Utilizing the Metagame to Guide Deck Construction

Loatheb Hearthstone

My interest in understanding the metagame evolved from my monthly series in which I detail a new ladder climb to legend on my free to play account. Each month, I use the rewards from the previous month’s daily quests, card pack openings, and ladder rewards to craft a new deck. Because I am handicapping myself by not investing money into the account, I must be diligent in the decks I choose to craft. At the time of the most recent nerfs, I was three cards away from completing the stock Odd Demon Hunter list missing only Loatheb, Metamorphosis, and Baku.

In response to these nerfs, I incorrectly started to craft Raza Priest – my logic at the time was that Raza Priest would become even stronger since its already powerful aggressive matchup would become even more favorable. I say that this decision is incorrect because, in reality, the Demon Hunter nerfs strengthened the playability of Quest Mage, which in turn reduced the playability of Raza Priest. In misunderstanding the metagame, I started to craft a deck that would be worse after the nerfs, not better.

Since taking the time to reflect on the metagame, I have since been working towards building Even Shaman as the nerf to Warglaives of Azzinoth improved Even Shaman’s poor matchup against Odd Demon Hunter to easily winnable. Similarly, against the other board-centric aggressive strategies, Even Shaman’s ability to capitalize on Devolve allows it to bulldoze Cube Warlock, which is typically an archetype with a good matchup against other aggressive strategies. Even Shaman is not immune to Raza Priest, but the boon in Quest Mage decreases the likelihood that Raza Priest sees play considering how one-sided that matchup is for the Quest Mage player.

Meta Crafting in Preparation for Scholomance Academy

With Scholomance Academy on the rise, there is reason to argue that two weeks before an expansion is not the best time to begin crafting cards. While I would agree with this sentiment for the Standard format, Wild is a separate ballgame entirely. Many of the existing archetypes in the Wild format will be slightly or completely unchanged in response to the new set. The reason for the lack of change is because the decks in the format use their 30-card slots so efficiently, that variation is typically only observed in response to nerfs or novel synergistic cards that expansions introduce to the archetype. Considering that Even Shaman has been a refined archetype for years now (the latest inclusion being The Lurker Below), it stands to reason that this deck will be a reasonable craft irrespective of a new format. It is easy to be swayed by the flashy effects of Lightning Bloom, but remember that to add a card to a decklist, you must first remove a card. In many of the Wild decklists, all 30 cards are good. So, removing an existing card for a newly untested card may compromise percentage points against a previously favorable matchup.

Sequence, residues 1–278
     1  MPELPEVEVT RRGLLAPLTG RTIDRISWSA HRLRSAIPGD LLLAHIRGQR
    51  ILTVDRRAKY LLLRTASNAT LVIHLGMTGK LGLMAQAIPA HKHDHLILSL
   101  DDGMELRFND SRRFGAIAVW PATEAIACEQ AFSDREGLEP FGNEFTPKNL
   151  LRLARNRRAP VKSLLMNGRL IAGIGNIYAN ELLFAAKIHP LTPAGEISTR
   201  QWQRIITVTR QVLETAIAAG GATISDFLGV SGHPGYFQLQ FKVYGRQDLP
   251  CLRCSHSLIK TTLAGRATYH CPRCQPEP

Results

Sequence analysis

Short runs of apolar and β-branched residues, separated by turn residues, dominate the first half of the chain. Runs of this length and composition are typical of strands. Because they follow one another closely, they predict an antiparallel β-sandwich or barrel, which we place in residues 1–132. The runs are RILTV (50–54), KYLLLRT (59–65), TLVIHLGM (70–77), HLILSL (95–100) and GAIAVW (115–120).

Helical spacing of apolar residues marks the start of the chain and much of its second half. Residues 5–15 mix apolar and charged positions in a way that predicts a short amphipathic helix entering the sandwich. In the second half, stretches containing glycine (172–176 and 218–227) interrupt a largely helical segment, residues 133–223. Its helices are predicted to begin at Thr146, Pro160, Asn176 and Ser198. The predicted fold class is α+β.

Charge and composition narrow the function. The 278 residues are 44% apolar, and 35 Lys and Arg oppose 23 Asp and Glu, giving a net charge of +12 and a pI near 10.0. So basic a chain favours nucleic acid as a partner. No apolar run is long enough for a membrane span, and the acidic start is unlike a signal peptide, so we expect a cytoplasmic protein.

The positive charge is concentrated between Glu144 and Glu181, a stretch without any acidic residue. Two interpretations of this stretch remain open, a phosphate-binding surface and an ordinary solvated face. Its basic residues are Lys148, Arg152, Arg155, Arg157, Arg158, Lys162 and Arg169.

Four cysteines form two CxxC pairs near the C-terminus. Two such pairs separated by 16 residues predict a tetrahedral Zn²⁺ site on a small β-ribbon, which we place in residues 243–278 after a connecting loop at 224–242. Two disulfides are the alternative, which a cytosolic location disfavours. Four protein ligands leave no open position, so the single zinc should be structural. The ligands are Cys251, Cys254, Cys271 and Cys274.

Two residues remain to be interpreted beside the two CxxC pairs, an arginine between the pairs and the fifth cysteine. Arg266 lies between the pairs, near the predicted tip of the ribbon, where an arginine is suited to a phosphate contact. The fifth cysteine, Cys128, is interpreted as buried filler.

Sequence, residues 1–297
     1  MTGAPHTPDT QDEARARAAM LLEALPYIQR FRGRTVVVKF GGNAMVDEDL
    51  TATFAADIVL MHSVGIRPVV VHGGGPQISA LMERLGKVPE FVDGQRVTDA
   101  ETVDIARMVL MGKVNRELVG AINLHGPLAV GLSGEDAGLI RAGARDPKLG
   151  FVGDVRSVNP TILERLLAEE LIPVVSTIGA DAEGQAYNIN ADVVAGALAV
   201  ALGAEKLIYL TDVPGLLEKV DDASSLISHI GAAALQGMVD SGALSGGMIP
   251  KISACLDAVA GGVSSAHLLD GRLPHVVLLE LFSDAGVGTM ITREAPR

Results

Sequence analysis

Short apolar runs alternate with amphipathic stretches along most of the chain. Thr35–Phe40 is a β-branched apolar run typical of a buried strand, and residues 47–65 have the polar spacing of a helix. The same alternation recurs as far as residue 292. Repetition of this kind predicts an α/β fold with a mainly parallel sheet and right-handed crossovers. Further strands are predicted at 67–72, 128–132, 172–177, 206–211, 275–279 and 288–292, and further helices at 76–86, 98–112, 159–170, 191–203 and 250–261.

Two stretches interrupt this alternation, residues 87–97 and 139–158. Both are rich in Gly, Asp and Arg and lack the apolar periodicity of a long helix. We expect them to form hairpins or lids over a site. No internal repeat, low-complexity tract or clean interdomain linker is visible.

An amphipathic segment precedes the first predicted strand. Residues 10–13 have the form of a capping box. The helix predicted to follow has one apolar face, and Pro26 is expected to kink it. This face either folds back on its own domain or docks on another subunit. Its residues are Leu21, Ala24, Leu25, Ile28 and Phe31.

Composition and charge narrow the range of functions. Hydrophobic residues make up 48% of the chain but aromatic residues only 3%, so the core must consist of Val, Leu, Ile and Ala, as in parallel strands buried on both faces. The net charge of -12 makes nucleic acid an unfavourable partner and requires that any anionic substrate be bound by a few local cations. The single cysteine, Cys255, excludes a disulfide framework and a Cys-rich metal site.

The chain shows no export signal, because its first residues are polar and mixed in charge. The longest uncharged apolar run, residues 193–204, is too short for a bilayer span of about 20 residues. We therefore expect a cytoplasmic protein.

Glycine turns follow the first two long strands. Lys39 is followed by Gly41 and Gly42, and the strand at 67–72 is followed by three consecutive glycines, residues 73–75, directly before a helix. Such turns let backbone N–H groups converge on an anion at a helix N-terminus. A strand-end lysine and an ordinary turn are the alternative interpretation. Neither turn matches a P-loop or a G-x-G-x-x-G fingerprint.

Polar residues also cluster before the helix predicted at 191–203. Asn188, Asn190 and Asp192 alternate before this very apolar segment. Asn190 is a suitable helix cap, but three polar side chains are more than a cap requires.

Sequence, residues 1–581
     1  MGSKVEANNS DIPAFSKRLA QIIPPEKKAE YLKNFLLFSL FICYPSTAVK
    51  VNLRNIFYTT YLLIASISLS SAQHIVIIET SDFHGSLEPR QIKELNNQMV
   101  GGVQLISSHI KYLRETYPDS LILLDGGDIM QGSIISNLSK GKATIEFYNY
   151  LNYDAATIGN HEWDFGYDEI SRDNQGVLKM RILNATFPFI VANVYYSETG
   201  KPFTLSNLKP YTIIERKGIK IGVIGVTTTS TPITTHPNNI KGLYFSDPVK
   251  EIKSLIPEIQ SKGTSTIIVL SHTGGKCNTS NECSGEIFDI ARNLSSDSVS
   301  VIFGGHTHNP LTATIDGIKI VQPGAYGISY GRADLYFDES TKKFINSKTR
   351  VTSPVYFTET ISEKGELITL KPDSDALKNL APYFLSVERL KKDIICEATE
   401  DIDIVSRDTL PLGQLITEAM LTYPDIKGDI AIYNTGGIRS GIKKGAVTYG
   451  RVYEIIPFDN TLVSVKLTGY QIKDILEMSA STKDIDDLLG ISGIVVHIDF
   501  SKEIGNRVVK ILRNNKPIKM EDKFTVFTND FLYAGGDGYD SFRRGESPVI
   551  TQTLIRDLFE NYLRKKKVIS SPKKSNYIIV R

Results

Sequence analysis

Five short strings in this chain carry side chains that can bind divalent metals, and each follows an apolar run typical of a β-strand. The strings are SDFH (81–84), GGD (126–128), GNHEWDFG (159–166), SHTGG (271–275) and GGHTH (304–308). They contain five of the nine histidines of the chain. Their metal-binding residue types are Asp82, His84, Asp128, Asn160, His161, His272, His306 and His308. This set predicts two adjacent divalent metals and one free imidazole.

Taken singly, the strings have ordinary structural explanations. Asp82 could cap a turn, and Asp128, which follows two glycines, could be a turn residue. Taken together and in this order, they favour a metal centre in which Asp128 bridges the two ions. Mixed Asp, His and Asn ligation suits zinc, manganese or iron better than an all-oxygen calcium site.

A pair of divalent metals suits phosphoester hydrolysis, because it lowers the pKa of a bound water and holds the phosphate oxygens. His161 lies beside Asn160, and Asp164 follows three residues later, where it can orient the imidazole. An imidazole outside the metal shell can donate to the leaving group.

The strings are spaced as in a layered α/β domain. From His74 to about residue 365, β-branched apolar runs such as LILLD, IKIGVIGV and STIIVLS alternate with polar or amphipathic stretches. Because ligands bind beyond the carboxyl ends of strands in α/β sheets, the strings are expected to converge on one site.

How are you preparing for the release of Scholomance Academy? Where do you think the metagame is heading? Will we be doomed to play Quest Mage mirror games until Blizzard nerfs the quest? I’ll be staying tuned on all of these questions, and I would love to hear your answers in the comments below. Happy Hearthstone-ing!!


For more Hearthstone strategy content by Cowtipper, be sure to read his latest guide to Pirate Warrior in the Wild format. Want to stay up to date with the latest content on AceGameGuides? Be sure to follow us on twitter and be notified when a new post is up on the website!

4 comments on “Mastering the Metagame with Cowtipper

  1. Creative5.1

    Great article, ill write about reno Quest Mage soon. The Open the way gate quest is the dominant wild card. As soon as aggro get pulled back a bit it comes out to dominate the meta. When that tipping point happens raza priest gets worse, on the other hand if aggro dominates Quest mages gets decentivized and Razza the dominat anti aggro strategy gets pushed to forefront.

  2. Alpha110

    In the next week we will see the rise of darkglare disco, a even better disco lock deck that can cheat mana harder. Aggro decks with mana cheat are systematically scary.

  3. Alpha110

    The rise of the new disco will suppress quest mage, push quest players toward reno quest mage and shift the favor towards raza priest. However the disco darkglare deck can even beat raza priest with highroll darkglare turns. All it needs is no duskbreaker from priest.

  4. Alpha110

    Even shaman is well positioned as it can best both quest mage and discolock